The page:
Special Collections: Jennifer Brinkman Wants You to Bring Her a Keychain | Live Culture

Special Collections: Jennifer Brinkman Wants You to Bring Her a Keychain


Jennifer Brinkman - RACHEL JONES
  • Rachel Jones
  • Jennifer Brinkman
Burlington resident Jennifer Brinkman describes herself as a "bread and buttered" Vermonter. She grew up in Colchester, and both her mother and daughter attended Vergennes Union High School. Travel is not particularly appealing to her, though she does visit family outside of Tampa, Fla., with relative frequency.

I meet Brinkman at North End institution T. Rugg's Tavern — my first time there — to see and chat about her collection of keychains. For someone with so little interest in travel, she has keychains from locations flung across the U.S. and a smattering of international ones, too. She empties these from a metallic pink cosmetic case onto the plastic patio table in front of her, looking like an ace poker player who just won the whole pot.  

Brinkman's collection - RACHEL JONES
  • Rachel Jones
  • Brinkman's collection
"I know it's crazy," says Brinkman, "but they all mean so much to me." She shows me a compass that her fiancé, Ryan, gave her — "so you can always find your way." The couple plans to marry in October of next year. A plastic Dave & Buster's Orlando keychain encases a picture of Brinkman with her sister. 
Keychains from Brinkman's collection - RACHEL JONES
  • Rachel Jones
  • Keychains from Brinkman's collection
Brinkman's collection began more than five years ago. In an earlier life, she was DJ Jenny Lynn on the overnights at country station WOKO. Later, after walking out on a dead-end job, she started vocational programs at Vermont Works for Women. In 2010, Brinkman landed a job as an administrative assistant at the State's Attorney's Office. When folks would leave the office to get coffee, they'd ask if she wanted anything — and she'd say, "Yeah, bring me back a keychain." 

I ask why. "I don't know," Brinkman says. "It was flip; it was sassy. Obviously you're not gonna get a keychain at Dunkin' Donuts." Eventually, the offhand comment "just kind of spilled over into people's vacations."
Personalized keychains - RACHEL JONES
  • Rachel Jones
  • Personalized keychains
Together we count the spoils, landing on a miraculously even 50 keychains. Many came from Chittenden County prosecutor Ben Chater, and Brinkman  tells me I need to read "A Man of Conviction," his 2012 profile in Seven Days. A particularly elegant of the Chater-chains has two handcrafted miniature leather cowboy boots — from California, Brinkman guesses. Another one, hilariously, blinks with the name "Benjamin."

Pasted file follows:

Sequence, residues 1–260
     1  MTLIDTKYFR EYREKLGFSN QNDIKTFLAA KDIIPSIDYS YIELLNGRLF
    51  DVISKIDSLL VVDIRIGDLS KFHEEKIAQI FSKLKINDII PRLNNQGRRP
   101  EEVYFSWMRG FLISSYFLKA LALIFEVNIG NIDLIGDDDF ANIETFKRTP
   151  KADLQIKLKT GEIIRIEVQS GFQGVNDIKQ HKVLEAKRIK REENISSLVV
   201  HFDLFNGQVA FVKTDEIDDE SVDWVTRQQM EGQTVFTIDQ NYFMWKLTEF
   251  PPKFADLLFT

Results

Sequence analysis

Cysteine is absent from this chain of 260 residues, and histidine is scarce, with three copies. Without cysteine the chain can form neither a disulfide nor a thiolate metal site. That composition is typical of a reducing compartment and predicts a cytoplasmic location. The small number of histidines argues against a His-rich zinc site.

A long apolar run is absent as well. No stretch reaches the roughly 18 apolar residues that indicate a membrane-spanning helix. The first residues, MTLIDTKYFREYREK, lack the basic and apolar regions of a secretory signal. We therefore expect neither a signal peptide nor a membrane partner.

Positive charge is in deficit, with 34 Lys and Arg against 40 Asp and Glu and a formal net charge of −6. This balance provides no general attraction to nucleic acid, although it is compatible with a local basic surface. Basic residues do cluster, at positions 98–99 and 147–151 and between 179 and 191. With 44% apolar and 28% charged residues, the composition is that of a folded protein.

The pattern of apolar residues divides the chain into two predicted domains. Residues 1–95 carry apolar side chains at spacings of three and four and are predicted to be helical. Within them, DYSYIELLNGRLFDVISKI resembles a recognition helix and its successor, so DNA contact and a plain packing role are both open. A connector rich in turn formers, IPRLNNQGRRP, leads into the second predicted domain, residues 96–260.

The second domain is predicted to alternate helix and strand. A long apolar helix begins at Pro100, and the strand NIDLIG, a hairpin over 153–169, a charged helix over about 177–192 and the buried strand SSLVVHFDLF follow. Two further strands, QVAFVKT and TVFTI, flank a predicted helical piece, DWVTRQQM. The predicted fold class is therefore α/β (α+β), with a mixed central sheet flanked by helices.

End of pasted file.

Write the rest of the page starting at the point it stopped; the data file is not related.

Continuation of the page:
The "main chain" - RACHEL JONES
  • Rachel Jones
  • The "main chain"
Brinkman arranges the keychains by a system of her own devising. She has a "main chain," which holds her actual keys, plus four permanent "mainstay" keychains. When she receives a new one, it gets a two-week rotation on the main chain before being "retired" to the collection. Right now, a Fire Island lighthouse souvenir occupies that temporary place of honor. She also has an "international section" with keychains from Mexico, Italy and Germany, among other countries. 

"I really feel lucky that these people who have such busy lives think of me on their vacations," says Brinkman. Over the course of our meeting, it becomes abundantly clear that she is a woman practiced in counting her blessings. She shines with gratitude. And she's been known to pay it forward. After a cruise in Mexico, she brought each of her boss' three children a souvenir keychain, enclosing a little note with each. 
The "international section" - RACHEL JONES
  • Rachel Jones
  • The "international section"
"Some of these are typical cheesy plastic keychains," Brinkman comments. For her though, they're treasured symbols of being remembered by friends, family and colleagues.  At their best, that's exactly what they're made to be. In her appreciation, Brinkman elevates the souvenir-shop staple to its highest potential.

Special Collections is a blog about collections and collectors in Vermont, as well as the peculiarities and politics of material culture writ large. From institutional archives to your grandma's miniatures, we dig into how things become more than just things. Are you a collector? Have a tip? Email [email protected].

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